It pains me to say that my friend and pastor for many years, Reverend Ronald K. Hodel, died this past weekend. I have known Ron since 1994 when he gave me my very first job teaching theology for the high school class on Sunday mornings at Faith Lutheran Church in Capistrano Beach, California. In many ways, he was one of my oldest and dearest friends. He and his wife Gail have on more than one occasion taken care of not only me but my entire family, treating us as their own family. In recent years, Ron served as our Chaplain at 1517, preaching to and caring for us, listening to our confession, and absolving us in the name of Jesus.
I and so many others mourn with Gail and the whole Hodel family. I am sure they miss him very, very much. It is hard to even think that he is gone. Even so, we all rejoice for Ron. He now sees Christ face-to-face, and some day we will be reunited with him and all the saints in the resurrection of the dead and the life of the world to come.
Now, to be clear, I do not intend this to be a eulogy for Ron. I think if Ron thought I was writing him a public eulogy, he would tell me to knock it off and just give people the gospel! But I think a few things that I learned from Ron need to be shared with you. These things might help you understand 1517 better, and it will hopefully lead to a better and clearer understanding of why we at 1517 are so intent on preaching and teaching the gospel of Jesus Christ above all else.
So here we go. These are some of the things I learned from my friend, Pastor Ron Hodel:
Try to say yes whenever possible. For Ron, this mostly played out in his role as a pastor of the church, but it certainly bled into his family and personal life as well. The thinking was that a gospel-oriented person—one who has been forgiven on account of the shed blood of Jesus—always tries to be forgiving and gracious enough to say yes to good ideas. It is amazing how freeing this is to others. It is amazing how freeing it was to me. So, at 1517, we try to say yes when possible.
Give freely out of your abundance. For Ron (and Gail), this meant helping the poor and the destitute as they were able. I cannot remember the number of times I heard them say together that they had more than enough to get by. Accordingly, they shared what they had with others, generously and freely. This kind of gracious untethered giving is liberating to those in need who receive. So at 1517, we try to give out of the abundance God has shared with us through generous people like the Hodels.
Let people do what they are good at even if it is not what you hired them to do. I mentioned earlier that Ron first hired me to teach the high school Sunday school class at Faith Capo. It turned out that I was better, even as an undergrad, at teaching adult classes. So, while he still had me teach the Sunday morning class to the high schoolers, he let me teach the Tuesday night class to the gathered adults as well. That was the first time I ever taught a class on the Augsburg Confession. He also taught me a valuable lesson that has carried through into my various careers managing projects and people. It is better to let people do what they are good at than to force them into a preconceived job description. So, at 1517, we hire good people to do what they are good at, and we don’t have job descriptions. I think it makes us a better, more gracious, and nimbler organization. Thanks for this one, Ron.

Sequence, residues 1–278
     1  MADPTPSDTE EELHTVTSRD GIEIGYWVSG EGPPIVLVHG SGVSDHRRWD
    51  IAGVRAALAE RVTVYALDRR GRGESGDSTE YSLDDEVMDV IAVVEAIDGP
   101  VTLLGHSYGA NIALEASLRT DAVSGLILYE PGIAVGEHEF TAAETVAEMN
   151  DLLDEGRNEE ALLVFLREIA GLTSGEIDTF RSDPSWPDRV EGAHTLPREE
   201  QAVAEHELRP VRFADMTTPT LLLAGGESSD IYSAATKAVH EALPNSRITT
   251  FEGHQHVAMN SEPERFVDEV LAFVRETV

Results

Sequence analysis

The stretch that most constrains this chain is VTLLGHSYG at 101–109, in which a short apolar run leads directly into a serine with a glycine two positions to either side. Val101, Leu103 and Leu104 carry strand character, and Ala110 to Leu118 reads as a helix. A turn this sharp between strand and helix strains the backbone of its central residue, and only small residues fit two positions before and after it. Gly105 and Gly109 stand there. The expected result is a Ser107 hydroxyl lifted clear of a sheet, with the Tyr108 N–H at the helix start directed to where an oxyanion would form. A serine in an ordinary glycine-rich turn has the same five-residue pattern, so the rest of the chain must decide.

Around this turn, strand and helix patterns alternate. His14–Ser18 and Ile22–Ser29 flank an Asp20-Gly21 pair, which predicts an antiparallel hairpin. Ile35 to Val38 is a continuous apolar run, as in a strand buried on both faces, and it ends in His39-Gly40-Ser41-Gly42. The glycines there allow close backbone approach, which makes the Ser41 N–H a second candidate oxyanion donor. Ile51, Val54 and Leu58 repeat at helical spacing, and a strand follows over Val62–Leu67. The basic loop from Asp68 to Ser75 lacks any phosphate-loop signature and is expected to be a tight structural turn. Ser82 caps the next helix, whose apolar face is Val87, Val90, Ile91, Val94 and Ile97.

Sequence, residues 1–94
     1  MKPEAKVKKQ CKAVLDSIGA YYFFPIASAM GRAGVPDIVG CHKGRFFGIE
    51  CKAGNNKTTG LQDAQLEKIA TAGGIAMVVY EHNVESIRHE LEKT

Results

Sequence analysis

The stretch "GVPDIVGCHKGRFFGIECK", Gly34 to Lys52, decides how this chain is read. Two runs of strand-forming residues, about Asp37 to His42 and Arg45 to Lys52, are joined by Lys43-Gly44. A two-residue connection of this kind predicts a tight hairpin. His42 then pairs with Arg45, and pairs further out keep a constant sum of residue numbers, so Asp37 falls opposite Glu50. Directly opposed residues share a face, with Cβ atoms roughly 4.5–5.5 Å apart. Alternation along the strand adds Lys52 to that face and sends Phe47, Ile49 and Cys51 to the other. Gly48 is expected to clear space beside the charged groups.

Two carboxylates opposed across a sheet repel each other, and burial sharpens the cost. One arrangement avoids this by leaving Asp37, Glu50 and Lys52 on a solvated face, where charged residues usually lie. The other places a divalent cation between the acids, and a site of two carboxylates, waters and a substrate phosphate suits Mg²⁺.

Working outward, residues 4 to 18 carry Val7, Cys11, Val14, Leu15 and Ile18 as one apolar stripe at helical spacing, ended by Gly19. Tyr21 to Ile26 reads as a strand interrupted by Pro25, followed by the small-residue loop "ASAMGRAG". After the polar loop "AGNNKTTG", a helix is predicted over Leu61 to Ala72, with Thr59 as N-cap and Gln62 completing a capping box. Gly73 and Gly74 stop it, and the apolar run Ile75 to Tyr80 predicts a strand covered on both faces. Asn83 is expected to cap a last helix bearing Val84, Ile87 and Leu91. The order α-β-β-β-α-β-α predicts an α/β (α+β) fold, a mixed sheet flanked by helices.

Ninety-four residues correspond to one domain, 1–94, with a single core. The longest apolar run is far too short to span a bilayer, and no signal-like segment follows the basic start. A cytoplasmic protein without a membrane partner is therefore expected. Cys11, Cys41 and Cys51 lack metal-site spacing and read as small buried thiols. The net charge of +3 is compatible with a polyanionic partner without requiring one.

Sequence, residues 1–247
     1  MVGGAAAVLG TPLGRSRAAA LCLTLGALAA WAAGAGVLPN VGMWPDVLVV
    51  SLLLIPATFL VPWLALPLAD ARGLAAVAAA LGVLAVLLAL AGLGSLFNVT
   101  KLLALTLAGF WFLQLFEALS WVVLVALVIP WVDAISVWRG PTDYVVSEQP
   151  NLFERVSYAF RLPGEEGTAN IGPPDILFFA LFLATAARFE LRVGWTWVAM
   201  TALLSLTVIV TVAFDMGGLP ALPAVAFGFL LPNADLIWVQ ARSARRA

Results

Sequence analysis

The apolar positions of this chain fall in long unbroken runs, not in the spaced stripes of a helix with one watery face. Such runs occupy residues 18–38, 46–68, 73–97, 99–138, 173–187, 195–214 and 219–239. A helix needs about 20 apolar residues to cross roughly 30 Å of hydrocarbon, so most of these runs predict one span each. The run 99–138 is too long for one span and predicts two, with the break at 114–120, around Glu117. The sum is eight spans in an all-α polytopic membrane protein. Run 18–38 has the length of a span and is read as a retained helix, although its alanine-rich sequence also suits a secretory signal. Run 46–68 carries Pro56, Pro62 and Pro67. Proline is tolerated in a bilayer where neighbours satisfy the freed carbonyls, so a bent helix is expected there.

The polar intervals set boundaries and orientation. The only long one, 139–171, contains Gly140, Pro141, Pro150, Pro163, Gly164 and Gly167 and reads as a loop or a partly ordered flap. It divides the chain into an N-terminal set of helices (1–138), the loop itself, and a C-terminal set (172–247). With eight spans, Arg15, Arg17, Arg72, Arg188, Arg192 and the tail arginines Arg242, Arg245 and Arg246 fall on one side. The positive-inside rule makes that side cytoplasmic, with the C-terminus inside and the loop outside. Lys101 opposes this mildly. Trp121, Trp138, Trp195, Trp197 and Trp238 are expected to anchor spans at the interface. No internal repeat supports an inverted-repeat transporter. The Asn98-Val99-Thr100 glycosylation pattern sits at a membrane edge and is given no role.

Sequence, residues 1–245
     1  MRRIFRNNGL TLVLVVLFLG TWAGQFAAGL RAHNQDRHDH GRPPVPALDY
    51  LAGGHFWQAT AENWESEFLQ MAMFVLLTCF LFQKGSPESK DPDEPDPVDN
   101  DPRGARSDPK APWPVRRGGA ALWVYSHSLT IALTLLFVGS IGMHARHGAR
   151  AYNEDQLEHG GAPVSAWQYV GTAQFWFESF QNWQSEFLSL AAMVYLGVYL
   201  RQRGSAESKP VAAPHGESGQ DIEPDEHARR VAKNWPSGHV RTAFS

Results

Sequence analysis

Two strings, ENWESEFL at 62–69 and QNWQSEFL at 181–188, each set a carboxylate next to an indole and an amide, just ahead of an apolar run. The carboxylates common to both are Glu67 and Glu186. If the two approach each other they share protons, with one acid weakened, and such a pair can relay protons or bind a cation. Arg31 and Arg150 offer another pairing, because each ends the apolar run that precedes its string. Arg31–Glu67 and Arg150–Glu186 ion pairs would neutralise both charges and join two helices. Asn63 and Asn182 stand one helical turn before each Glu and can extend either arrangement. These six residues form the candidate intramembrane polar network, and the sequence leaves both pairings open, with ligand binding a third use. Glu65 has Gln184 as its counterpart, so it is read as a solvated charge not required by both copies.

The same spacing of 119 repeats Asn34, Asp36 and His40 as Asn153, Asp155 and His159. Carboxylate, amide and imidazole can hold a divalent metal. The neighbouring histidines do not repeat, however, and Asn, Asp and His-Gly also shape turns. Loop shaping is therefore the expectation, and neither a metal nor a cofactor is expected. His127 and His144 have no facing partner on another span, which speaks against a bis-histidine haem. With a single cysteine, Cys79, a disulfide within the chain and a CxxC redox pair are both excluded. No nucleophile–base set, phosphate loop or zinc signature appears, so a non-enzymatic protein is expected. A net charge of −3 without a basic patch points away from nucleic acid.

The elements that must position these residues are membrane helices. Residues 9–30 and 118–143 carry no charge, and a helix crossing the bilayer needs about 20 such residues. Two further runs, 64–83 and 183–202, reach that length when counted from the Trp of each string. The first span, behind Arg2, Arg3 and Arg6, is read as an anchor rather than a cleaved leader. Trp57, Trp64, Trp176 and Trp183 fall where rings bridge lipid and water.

Ron was a sinner. You may think that this is something I learned about Ron, not that I learned from Ron, but you would be wrong. Ron was the most self-aware person I have ever met. He knew he often failed as a husband, father, friend, and pastor. He knew that his own pride was what, apart from Christ, separated him from God. He knew that Christ alone was his only hope for salvation. I know he knew it because he would often say it. It was his awareness of his own sin that made him so gracious to others. So, at 1517, we try to remind each other of our own state before a holy God. We know we are an irreverent gaggle of manifest sinners, because Ron Hodel, our Chaplain and friend, taught us to hear it about ourselves so he could absolve us in the name of Jesus.
Preach the gospel of Christ. I can honestly say that I have never known a more faithful preacher of the gospel of Christ Jesus than Ron Hodel. His preaching was never sanctimonious, always brought the killing accusation of God’s law, and always, always proclaimed the gospel, directly, to all the sinners sitting in the pew. He taught me that the gospel alone can do what nothing else can—forgive sins and bring the sinner, by the power of the Spirit, to saving faith in Christ and Christ alone. So, if we at 1517 are too focused on proclaiming the good news, we have Ron Hodel to blame for leading the way. (We are simply following in your footsteps, my friend.)
Ron was the most self-aware person I have ever met...He knew that Christ alone was his only hope for salvation.
1517 would not exist without the leadership, friendship, and faithfulness of Pastor Ron Hodel. I apologize to Ron, and everyone else, if this reads too much like a eulogy to a good man, but a good man he was. Sorry, not sorry. I will miss my friend in ways I cannot describe, for he was more than a friend to me; he was a mentor and a father figure as well.
Ron taught me one last thing. He taught me (as have a few others) that, at times like this, I should mourn, but I should not mourn as one without hope. I stand in the sure hope of the resurrection of the dead and the life of the world to come, all on account of my Savior Christ Jesus. And so do you! So, mourn with me, mourn with us here at 1517, but mourn as the hopeful few who will one day do as Ron is doing right now as he stands face to face with his creator and beautiful Savior.
Ron, we will miss you, my dear friend!